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Microsoft Details NFL And ESPN On Xbox One

by Mike Futter on Sep 03, 2013 at 04:21 AM

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Last week, we were invited to visit Microsoft's NYC Xbox One loft to get a look at how sports viewing will be implemented in to the Xbox One user interface. At the console reveal in May, we learned about the partnership that Microsoft had struck with the NFL, and we finally got to see that in action.

Let's address the elephant in the room first. This is not an announcement about NFL Sunday Ticket. While Sony won't be playing host to the NFL's premiere viewing experience anymore, Microsoft hasn't (yet) locked up the deal.

In May, Microsoft and the NFL announced a partnership to bring fantasy football to the Xbox 360. That experience will be available this week, with an enhanced version coming at the launch of the Xbox One. We were given a demonstration of the next-gen iteration.

Users need only enter their credentials and get access to highlights and player tracking. The interface is slick, and thanks to the NFL's metadata tagging of clips, it's easy to pull up highlights of your team. We've been told that Smartglass integration will also be available as a way to view these. Microsoft is hoping to expand the fantasy offerings beyond in the future. Fans will also be able to share highlights with their friends when that feature launches down the line.

The interface is heavily based on the "snapping" we've seen in the UI demos. In the example we were shown, a primary game was displayed in HD in the center, with fantasy stats and another game displaying on the right side. We've been told that switching between primary and preview channels will be as simple as a voice command. This will work well with the NFL's Redzone programming, which allows subscribers to jump to any game close to scoring.

The ticker at the bottom is also customized for player preferences and can be manipulated. Instead of waiting for your team (or other important games around the league) to crawl across the bottom, you'll be able to call up the score. Stats are also important, and Microsoft is working with the NFL to integrate them into the viewing experience on demand. Rather than have viewers use a second device, the Xbox One will be able to access them on the fly.

We were also shown how this would work alongside gaming. It's possible to play in the main window, with stats, fantasy team details, and even a live game running at the same time on the right side of the screen. For those that like to play Madden while watching their team on Sundays, this will make it easy to move back and forth during commercials.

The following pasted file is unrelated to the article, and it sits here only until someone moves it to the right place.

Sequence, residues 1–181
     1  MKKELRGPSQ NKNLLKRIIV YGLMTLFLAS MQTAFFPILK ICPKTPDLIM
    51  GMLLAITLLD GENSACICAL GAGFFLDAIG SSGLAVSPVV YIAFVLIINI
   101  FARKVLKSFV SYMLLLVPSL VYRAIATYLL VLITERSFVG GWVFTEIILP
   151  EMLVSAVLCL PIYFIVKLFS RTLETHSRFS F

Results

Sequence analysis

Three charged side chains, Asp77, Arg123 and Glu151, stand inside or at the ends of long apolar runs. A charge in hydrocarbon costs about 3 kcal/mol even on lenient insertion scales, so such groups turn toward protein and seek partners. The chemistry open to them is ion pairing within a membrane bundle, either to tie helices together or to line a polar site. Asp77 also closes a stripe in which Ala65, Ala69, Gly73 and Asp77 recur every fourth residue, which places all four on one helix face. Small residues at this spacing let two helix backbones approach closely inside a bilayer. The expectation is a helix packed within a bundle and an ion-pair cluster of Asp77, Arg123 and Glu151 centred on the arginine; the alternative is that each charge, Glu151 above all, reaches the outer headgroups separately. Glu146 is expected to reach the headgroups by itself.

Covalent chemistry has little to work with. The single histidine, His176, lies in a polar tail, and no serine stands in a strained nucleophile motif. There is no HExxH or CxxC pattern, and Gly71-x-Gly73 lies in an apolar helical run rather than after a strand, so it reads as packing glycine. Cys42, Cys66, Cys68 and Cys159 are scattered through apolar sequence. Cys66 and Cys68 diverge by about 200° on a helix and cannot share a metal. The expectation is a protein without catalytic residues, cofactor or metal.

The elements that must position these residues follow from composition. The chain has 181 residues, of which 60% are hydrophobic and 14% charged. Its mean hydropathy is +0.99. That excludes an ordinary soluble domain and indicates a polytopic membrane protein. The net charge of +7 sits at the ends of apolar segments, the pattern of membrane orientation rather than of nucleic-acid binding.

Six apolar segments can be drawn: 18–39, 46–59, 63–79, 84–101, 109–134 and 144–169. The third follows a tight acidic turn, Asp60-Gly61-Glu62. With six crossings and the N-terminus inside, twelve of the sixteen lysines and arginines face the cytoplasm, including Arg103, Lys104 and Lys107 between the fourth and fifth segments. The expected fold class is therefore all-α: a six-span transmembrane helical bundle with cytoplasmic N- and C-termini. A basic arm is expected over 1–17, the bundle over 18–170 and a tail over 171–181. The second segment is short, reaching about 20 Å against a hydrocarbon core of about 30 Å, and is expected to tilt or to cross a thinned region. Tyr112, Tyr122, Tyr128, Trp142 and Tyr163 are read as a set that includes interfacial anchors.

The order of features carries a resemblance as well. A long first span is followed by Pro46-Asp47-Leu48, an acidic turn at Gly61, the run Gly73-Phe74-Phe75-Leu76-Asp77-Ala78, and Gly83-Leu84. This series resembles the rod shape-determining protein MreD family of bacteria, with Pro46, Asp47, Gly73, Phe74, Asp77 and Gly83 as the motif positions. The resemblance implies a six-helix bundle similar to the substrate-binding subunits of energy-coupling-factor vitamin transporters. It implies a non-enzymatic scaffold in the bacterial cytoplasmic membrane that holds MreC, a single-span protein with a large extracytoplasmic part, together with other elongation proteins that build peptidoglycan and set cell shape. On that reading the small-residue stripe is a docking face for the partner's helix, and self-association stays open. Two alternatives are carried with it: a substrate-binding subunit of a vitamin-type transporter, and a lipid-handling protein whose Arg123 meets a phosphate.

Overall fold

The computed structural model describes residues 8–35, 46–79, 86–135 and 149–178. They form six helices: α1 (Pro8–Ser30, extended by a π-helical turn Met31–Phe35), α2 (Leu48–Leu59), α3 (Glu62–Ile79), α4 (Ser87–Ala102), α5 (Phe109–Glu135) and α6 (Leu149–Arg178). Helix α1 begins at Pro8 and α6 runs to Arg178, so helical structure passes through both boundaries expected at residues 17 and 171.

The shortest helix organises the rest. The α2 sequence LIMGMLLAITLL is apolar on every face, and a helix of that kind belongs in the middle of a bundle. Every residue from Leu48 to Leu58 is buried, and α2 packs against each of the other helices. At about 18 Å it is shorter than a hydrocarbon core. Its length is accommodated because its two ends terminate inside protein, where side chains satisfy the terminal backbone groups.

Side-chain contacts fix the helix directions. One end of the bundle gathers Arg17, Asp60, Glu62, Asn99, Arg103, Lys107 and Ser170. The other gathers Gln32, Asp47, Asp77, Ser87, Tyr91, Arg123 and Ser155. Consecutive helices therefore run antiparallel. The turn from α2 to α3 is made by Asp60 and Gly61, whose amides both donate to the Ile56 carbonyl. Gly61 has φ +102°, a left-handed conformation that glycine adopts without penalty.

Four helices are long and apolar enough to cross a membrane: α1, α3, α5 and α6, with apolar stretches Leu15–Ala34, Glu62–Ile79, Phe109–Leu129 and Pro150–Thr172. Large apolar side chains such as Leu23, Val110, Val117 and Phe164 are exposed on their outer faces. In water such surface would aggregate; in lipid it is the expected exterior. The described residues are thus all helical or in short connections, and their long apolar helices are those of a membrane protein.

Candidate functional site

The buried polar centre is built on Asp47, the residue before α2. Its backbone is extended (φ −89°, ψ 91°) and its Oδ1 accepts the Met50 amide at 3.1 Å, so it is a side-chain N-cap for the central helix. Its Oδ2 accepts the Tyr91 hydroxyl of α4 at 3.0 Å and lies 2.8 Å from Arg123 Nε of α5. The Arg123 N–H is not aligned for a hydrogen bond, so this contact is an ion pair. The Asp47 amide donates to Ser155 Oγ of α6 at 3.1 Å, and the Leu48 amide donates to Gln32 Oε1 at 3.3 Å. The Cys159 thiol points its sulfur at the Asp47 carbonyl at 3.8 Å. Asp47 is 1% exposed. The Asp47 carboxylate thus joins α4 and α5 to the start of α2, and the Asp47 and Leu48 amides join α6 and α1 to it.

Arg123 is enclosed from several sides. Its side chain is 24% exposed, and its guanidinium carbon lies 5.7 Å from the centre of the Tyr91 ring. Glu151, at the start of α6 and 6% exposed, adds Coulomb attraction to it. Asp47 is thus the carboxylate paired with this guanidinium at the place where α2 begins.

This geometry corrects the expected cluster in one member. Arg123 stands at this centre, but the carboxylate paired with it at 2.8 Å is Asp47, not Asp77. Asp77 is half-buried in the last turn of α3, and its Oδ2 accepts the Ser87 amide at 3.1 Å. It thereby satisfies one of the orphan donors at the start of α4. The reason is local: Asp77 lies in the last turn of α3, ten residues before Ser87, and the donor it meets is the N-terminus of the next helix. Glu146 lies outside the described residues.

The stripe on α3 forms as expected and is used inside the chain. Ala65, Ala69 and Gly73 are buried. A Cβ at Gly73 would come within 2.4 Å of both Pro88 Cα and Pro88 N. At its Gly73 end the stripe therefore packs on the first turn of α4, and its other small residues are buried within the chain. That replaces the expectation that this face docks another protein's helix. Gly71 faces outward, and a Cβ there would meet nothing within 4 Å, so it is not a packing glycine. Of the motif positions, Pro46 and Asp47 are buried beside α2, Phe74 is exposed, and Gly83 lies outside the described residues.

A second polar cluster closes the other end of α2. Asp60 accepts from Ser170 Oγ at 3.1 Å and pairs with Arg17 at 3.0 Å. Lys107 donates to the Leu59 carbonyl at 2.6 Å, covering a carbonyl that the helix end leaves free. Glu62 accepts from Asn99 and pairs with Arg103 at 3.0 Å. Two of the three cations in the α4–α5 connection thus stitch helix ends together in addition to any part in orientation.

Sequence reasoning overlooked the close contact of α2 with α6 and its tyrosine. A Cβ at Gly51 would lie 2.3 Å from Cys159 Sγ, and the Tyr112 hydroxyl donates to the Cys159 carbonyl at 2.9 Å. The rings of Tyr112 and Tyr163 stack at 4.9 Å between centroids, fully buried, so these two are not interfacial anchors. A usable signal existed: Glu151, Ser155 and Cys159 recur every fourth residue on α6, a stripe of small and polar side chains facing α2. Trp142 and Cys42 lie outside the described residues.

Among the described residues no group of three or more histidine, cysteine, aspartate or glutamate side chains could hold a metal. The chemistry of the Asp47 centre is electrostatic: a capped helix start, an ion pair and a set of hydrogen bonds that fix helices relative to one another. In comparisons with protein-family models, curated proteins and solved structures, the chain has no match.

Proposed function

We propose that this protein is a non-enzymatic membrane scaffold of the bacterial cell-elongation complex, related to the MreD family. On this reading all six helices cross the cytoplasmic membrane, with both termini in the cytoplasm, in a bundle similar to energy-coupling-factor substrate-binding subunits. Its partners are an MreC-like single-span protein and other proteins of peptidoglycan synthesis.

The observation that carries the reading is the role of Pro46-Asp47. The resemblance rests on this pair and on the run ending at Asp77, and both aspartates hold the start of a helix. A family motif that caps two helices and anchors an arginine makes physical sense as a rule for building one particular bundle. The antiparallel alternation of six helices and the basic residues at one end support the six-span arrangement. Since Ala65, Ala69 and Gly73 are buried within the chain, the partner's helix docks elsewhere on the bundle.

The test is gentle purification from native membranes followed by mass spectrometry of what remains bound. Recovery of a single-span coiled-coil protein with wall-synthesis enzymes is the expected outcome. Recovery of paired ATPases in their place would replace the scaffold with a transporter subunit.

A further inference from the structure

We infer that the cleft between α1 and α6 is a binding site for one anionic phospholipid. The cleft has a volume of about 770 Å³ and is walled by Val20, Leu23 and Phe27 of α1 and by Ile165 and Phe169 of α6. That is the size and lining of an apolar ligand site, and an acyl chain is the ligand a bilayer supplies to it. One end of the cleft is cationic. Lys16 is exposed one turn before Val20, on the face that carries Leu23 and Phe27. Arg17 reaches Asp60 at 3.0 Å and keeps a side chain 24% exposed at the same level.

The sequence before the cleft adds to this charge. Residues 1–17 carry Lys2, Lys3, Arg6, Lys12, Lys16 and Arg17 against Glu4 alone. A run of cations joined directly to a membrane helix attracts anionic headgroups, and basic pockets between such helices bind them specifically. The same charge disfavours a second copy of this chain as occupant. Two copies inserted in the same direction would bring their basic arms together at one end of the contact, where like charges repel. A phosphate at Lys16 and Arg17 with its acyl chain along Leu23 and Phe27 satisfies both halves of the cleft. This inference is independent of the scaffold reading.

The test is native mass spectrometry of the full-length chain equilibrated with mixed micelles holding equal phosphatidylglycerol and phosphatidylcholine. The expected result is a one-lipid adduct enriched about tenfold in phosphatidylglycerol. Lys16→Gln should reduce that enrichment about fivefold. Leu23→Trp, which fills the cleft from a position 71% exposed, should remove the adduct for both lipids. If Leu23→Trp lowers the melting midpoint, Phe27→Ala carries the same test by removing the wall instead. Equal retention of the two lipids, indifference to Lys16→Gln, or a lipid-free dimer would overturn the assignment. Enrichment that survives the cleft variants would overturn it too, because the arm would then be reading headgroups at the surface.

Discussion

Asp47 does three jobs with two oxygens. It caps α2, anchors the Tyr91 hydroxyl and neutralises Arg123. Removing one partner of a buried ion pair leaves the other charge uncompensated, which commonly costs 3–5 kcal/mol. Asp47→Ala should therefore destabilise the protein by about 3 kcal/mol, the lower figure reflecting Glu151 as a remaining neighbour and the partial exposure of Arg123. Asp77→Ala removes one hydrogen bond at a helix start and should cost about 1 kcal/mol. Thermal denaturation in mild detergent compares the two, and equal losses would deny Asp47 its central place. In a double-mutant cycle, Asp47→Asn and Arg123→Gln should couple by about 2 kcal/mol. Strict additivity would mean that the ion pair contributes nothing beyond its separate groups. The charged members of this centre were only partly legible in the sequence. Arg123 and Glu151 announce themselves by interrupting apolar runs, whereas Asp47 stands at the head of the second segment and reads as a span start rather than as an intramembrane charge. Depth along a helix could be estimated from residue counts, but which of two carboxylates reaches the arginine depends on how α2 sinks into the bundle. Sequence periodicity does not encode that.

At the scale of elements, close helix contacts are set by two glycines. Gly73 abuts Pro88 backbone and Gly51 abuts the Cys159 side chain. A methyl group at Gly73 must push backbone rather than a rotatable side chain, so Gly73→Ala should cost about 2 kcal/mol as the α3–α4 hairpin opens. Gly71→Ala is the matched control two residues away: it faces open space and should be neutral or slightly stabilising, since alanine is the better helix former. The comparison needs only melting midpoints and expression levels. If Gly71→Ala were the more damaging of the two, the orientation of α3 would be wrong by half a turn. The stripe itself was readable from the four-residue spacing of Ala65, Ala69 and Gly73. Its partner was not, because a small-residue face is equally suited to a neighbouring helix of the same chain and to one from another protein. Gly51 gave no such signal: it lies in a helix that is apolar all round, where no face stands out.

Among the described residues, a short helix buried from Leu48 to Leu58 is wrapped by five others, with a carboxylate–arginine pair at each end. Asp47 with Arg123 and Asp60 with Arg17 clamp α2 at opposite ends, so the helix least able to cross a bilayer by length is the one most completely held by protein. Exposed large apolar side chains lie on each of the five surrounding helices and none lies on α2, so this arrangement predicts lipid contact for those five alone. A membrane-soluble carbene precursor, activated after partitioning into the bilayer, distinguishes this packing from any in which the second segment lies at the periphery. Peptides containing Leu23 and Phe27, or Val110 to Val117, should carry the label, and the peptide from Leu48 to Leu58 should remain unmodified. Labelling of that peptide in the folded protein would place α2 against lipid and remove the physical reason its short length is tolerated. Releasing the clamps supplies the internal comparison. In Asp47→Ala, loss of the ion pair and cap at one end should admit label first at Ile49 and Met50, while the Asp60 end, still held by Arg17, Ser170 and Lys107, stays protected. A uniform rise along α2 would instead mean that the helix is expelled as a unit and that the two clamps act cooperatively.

We also saw how Microsoft and the NFL will be using Surface for teams and fans. While fans will get access to fantasy stats, charts, and the highlight video of any scoring play, the work that the duo are doing on the sidelines is far more impressive.

Eight teams will be in the pilot program for Surface apps designed to improve medical care on the sidelines. The first is a medical records suite that allows team physicians to more easily track player injuries. Imaging will be available digitally, which will mean faster communication between the sideline and the locker room. It will also be easier to track player recovery.

Even more important is how Surface will be used in the evaluation of head injuries. The topic of concussions and sub-concussive injuries is an important one in the NFL right now. The X2 app will have players go through a series of tests to evaluate the injury. This will then be compared against a baseline result and then used for re-evaluation down the line.


Our Take
The announcements are sure to please sports fans, but the standout for me is being able to play and watch live television at the same time. Commercials during football are the perfect opportunity to dive into a game for five minutes (or fifteen if you want to tune out the halftime report).

I am also extremely interested in the work that Microsoft and the NFL are doing around using technology for evaluating head trauma. Head injury is a serious issue that has far-reaching effects during a player's life. Doing more to prevent, evaluate, and treat these potentially devastating injuries should be a top concern of anyone invested in the sport.